Cribbage anyone? Local artist crafts Timber Lake Cribbage Boards
Don Hanson likes to say he "makes sawdust." What he really makes are one-of-a-kind cribbage boards where players could end up spending more time studying the board than their cards.
Unlike traditional rectangular cribbage boards where players plod up and down the rows of holes with their plastic pegs, Hanson's cribbage boards take players on a journey around tortured annual growth rings and knobby growths that document the past life of a tree that has new life as a game board.
For the last 28 years, Hanson has been reading the unique wood grains and gnarly twists of trees to create cribbage boards that have become family heirlooms and, in some cases, have been bitterly fought over when couples divorce and plead for ownership of the board.
What started out as a hobby and gifts for friends he played cribbage with, has turned into a post-retirement passion that helps fund trips he and his wife, Linda, take.
In the early years, he made about three cribbage boards every year. During the last five years, he's made 50 to 70 boards each year.
Named for the northern Kandiyohi County area where he lives, Hanson's "Timber Lake Cribbage Boards" cost between $60 and $100, with a few especially unique ones going as high as $200. Given the time involved, he estimates he makes about $5 an hour.
Hanson numbers, photographs and initials each board. So far, he's at 333.
Some of the wood he uses to make the board come from his Timber Lake property but he's picked up interesting chunks of wood from all over the state from many different types of trees -- black cherry, ash, cedar, birch, oak, maple, ironwood, walnut and even boxelder. A friend from Grand Rapids who taps maple trees gave him a cross cut of wood that shows the scars of the old maple syrup taps.
The process Hanson follows for making the board isn't fast.
The first step is finding the diamond in the rough.
Hanson cuts wood to heat his home and sometimes stumbles across trees with interesting branches or crotches that he saves for cribbage boards. By using an artistic eye to interpret the flow of the wood grain, Hanson creates fantastic cribbage boards from chunks of wood that others would have thrown into the wood stove.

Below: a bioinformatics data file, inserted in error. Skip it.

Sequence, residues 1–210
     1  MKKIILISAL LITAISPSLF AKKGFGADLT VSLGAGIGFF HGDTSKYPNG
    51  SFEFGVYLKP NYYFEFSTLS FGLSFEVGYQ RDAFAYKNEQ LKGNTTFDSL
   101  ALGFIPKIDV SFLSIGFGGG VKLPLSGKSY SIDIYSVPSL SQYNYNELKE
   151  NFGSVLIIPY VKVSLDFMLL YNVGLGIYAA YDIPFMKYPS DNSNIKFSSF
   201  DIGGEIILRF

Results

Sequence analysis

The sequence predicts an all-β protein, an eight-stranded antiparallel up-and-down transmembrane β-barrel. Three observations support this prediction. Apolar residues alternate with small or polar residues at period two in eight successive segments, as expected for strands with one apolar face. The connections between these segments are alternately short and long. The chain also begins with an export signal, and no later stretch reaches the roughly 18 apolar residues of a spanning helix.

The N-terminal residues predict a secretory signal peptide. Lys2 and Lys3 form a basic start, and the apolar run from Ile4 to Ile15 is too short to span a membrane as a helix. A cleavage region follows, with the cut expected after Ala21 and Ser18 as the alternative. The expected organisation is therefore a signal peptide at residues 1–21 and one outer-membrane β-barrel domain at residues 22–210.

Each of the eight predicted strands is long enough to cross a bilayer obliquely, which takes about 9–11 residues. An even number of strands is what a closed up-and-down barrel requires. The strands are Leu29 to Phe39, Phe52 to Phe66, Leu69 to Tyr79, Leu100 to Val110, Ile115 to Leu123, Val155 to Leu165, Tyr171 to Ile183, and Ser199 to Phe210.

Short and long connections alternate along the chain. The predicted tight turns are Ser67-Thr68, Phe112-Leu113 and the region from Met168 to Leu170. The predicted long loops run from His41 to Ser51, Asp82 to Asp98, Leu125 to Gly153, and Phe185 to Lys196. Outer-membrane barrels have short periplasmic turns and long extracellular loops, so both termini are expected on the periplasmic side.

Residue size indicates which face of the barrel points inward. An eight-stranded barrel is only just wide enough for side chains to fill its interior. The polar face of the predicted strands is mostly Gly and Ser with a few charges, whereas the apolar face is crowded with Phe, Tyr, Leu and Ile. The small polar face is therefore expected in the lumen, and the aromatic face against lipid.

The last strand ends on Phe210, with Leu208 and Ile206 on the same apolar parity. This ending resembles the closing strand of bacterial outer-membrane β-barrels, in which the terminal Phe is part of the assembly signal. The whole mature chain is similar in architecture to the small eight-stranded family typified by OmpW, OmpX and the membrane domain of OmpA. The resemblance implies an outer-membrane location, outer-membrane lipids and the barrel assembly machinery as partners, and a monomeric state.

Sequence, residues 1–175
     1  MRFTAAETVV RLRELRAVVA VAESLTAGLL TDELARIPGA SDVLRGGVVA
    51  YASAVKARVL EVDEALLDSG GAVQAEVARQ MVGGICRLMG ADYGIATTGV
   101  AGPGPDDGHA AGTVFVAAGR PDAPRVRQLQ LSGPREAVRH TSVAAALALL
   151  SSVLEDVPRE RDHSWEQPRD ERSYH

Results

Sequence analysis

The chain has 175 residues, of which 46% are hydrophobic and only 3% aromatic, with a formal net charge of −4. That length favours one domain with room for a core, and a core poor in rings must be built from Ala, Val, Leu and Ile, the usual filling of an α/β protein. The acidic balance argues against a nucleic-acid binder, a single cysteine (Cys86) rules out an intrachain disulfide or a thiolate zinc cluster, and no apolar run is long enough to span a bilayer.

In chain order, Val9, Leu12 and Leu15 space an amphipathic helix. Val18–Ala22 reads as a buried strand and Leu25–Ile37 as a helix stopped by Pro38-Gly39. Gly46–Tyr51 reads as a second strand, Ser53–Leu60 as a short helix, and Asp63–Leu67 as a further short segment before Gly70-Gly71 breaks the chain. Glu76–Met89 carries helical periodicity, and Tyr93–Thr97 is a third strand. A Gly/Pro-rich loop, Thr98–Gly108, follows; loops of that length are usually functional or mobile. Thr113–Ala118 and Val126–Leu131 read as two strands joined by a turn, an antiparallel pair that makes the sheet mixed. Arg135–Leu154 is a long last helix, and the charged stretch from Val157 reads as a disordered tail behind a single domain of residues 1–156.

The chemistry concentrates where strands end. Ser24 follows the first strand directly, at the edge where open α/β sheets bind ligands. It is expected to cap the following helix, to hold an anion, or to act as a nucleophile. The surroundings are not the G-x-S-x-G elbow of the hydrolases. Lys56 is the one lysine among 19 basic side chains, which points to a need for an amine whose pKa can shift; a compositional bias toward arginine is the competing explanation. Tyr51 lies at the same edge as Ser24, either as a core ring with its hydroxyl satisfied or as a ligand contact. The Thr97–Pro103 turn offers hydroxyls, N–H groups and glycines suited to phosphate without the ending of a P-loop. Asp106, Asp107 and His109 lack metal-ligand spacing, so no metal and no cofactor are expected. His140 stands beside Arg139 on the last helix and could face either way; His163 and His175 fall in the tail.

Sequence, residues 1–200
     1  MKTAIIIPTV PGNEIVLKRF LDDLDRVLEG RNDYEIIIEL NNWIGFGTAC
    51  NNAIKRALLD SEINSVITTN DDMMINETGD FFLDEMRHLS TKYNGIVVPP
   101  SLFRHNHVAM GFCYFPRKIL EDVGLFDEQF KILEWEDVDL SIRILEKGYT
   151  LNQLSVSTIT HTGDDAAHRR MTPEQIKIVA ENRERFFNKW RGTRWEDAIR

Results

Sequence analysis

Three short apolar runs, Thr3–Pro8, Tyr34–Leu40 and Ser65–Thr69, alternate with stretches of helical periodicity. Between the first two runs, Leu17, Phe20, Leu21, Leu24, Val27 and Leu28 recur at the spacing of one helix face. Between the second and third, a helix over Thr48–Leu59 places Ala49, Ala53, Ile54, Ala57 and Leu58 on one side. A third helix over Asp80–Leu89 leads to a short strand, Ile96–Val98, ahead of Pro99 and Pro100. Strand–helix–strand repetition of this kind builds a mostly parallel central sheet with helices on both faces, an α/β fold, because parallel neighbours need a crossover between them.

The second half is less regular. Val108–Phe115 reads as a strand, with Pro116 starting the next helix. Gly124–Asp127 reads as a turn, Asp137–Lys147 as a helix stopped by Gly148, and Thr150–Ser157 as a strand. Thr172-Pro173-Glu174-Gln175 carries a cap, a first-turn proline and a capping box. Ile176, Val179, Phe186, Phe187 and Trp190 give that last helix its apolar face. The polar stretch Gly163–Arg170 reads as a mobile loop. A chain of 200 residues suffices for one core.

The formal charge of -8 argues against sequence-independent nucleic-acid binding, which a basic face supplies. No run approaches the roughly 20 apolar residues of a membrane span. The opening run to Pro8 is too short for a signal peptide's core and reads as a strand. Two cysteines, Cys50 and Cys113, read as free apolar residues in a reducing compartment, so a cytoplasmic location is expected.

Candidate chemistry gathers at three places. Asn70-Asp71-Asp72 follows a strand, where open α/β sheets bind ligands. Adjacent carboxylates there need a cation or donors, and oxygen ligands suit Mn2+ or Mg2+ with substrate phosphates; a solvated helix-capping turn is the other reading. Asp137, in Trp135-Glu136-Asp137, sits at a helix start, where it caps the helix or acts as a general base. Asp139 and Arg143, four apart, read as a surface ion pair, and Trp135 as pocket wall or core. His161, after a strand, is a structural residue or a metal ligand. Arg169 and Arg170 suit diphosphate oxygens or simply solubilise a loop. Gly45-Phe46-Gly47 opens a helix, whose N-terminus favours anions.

He fashioned one cribbage board to look like Cinderella's slipper. He found a piece of wood that had naturally grown into the shape of the United States that he made, and sold as a cribbage board.
Sometimes the search for good cribbage wood is more deliberate.
There's a cedar tree in his woods that he's confident will produce some unique cuts of wood for boards. He's waiting and watching for the tree to die so he can harvest it.
Hanson cuts the green wood into cross-cut "rounds" that go through an extensive and multi-step drying process that can last from two to 10 years. He has barrels and old deep freezes full of thick slabs of wood wrapped in blankets and plastic. Depending on the temperature and the moisture the woods gives off, Hanson is either unwrapping or wrapping up the rounds on a day-to-day basis.
He's carefully monitoring three large slabs of wood he intends to make into coffee-table sized cribbage boards.
On shelves in a garage, Hanson has hundreds of rounds all cut and dried and ready to be sanded, drilled and wiped with a soft, yet durable finish.
Determining the route the holes will take around the cribbage board is the fun -- and challenging -- part of the process.
Hanson's signature style includes a "spread start" for the scoring holes to make more room for fingers moving pegs during the early flurry of the game. That unique component has gained the notice and praise of members of the American Cribbage Congress, which has members that compete in cribbage tournaments, he said.
His boards are for either two or three players, with a full 121 holes on each board for each player. While the holes for each player start and end at the same place, sometimes the holes for one player will swirl around a knot while the other line of holes will traverse a network of branches.
Hanson draws the path for the holes with a pencil and, using a simple handmade template, drills one hole at a time with a needle-sharp "brad point" on a drill press.
The three different scoring pegs, called "gnarlies" that he makes from American elm; "toes" that he makes from black walnut; and "smoothies" that he makes from maple are also handcarved and sanded. He admits he loses a bit of skin and fingernail every time he makes a batch of pegs. "Making pegs is no fun," he said.
Hanson has his favorites from over the years, but said he's constantly surprised which ones people choose.
He said if 15 people were looking at 15 of his unique cribbage boards, "Almost everyone would have a different favorite" and it would be difficult to "pry it out of their hands."
Hanson's cribbage boards are available locally at the Mill Pond Mercantile in New London.